Using Social Media with Crisis Communication

A crisis can happen at any moment! As public relations practitioners, we must be ready to manage crises as quickly and as effectively as possible.

Social media is a huge part of the today’s world. According to, nearly 1,800 million people are active on Facebook and Twitter alone. Knowing these statistics, what better place to instantaneously address a situation or crisis than on social media?

Even though social media can be an instrumental tool in addressing crises, it must be used with care. gives us a 5-step guide explaining how to use social media effectively in managing a crisis situation.

  1. Timing is EVERYTHING!

Timing can make or break the way a you handle a crisis. When handling a crisis, it is extremely important to address the issue quickly. It is also important to be the first to address the crisis. Being the first to address a crisis not only shows transparency, but it shows that you are working to resolve the issue.

  1. Own the conversation

Own the conversation from the beginning. Post updates often and do not let other social media users take over the crisis conversation. Create a suitable and appropriate hashtag that users can monitor to receive crisis updates between social mediums.

  1. Stick to a designated source

Without one designated source, information can become misleading. This is how false information and rumors spread. It is important to provide your followers with links to one designated source for crisis updates. Include your source in every post, so that there is no misinterpretation.

  1. Give a call to action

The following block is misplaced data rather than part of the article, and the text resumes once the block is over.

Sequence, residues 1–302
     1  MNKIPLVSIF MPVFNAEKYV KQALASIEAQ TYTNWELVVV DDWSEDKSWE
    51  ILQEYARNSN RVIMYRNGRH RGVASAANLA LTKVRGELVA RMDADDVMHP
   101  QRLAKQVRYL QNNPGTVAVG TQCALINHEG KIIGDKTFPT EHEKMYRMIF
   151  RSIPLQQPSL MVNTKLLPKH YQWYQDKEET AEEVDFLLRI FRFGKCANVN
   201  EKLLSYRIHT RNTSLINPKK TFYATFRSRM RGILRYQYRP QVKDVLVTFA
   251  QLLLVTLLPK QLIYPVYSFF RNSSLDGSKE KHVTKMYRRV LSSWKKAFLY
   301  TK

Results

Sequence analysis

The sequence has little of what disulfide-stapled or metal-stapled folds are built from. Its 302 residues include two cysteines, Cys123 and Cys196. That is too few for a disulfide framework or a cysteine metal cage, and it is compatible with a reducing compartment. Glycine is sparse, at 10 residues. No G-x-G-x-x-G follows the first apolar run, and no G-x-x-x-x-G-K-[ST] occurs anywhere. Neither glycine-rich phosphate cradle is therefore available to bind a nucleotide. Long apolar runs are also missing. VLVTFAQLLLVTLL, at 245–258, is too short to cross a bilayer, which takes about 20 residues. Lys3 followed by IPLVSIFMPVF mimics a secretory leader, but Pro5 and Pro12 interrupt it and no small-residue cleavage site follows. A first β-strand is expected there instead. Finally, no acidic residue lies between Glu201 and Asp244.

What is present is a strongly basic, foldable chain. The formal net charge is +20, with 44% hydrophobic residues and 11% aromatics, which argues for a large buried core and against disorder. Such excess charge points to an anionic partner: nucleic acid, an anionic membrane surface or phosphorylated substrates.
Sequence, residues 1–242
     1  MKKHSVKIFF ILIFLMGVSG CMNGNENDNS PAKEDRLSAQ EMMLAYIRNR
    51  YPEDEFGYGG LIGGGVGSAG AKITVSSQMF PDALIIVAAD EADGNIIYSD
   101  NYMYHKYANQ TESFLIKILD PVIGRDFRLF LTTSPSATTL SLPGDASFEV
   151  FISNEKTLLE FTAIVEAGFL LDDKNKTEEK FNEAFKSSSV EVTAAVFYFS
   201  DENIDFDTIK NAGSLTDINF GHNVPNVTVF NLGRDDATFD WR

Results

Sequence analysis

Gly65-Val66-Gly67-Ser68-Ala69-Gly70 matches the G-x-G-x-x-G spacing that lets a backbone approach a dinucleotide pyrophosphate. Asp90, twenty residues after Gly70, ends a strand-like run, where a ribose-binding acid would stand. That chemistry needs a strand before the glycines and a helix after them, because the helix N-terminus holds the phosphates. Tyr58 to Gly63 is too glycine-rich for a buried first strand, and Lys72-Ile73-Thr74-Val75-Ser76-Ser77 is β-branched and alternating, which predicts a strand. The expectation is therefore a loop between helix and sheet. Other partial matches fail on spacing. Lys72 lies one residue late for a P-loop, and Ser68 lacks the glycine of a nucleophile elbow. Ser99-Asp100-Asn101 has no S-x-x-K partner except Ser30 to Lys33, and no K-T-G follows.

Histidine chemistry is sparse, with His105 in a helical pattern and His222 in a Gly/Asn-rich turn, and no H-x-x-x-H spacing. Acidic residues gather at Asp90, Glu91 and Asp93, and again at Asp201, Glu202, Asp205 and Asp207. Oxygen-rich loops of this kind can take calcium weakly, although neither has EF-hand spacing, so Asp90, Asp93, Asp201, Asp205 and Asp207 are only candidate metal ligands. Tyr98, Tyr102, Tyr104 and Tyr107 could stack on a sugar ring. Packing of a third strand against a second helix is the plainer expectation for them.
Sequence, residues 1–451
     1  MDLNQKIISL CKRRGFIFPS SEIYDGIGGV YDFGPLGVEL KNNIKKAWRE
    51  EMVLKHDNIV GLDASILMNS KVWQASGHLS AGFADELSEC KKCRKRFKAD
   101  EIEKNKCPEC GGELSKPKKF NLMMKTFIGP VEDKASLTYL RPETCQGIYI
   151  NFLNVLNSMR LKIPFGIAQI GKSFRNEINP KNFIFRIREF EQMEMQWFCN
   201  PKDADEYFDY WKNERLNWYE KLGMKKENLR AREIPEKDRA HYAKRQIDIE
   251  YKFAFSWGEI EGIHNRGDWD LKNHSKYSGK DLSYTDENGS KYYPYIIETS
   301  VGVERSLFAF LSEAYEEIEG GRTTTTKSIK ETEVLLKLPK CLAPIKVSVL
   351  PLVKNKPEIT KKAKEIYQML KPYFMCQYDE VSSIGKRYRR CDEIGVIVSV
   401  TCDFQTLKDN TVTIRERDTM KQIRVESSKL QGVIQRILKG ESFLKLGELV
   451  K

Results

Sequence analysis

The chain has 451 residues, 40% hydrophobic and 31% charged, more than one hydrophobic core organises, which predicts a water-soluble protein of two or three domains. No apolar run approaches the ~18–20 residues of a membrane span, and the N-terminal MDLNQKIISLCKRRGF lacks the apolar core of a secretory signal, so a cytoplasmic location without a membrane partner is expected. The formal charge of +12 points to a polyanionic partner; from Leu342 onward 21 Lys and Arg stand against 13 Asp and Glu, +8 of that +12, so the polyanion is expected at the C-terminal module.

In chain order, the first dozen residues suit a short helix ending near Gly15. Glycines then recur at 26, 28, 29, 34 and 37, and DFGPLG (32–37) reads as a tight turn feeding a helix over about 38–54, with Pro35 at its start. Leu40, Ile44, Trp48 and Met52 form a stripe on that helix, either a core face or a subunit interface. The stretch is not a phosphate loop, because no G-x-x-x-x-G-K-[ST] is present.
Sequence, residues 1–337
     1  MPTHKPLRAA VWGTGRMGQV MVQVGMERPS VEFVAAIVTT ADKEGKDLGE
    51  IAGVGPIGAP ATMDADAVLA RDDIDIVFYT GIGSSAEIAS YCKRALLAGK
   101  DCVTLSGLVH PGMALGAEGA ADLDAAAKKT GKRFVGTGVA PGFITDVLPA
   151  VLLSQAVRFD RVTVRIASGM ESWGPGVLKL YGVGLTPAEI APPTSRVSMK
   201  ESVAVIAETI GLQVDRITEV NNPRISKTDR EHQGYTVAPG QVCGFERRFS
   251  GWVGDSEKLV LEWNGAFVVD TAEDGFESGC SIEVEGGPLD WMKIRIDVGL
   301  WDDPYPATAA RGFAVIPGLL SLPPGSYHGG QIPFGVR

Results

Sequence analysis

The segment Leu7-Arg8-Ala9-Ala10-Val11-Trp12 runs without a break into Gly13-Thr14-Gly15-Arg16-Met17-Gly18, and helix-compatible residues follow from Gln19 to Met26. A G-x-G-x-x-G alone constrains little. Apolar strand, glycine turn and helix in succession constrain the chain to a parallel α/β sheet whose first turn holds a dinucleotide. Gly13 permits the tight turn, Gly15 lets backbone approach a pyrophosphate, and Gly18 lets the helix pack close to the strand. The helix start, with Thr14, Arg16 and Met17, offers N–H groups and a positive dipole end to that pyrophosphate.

Don’t make people wait for information without options. Place a call to action in all of your posts! This could be as simple as a hotline to call and ask questions, or a link to follow for updates.

  1. Don’t lash out

Lashing out at your customers, supporters and followers is not the answer. Lashing out will not make anything better. If anything, it will make things worse. Not only could it look like you are trying to hide something, but it could also deter people from supporting your brand.

No matter what the crisis, big or small, social media can be a valuable tool in managing the situation. Just remember, in order to be of help, social media must be used carefully. When faced with a crisis, create a crisis management plan for social media using the five guidelines above. If you don’t, you may have another crisis situation to handle.


Megan Bayles is a current senior at Waynesburg University where she majors in Public Relations and minors in Marketing. Megan serves as our PRSSA Chapter president and is involved in many other campus activities.


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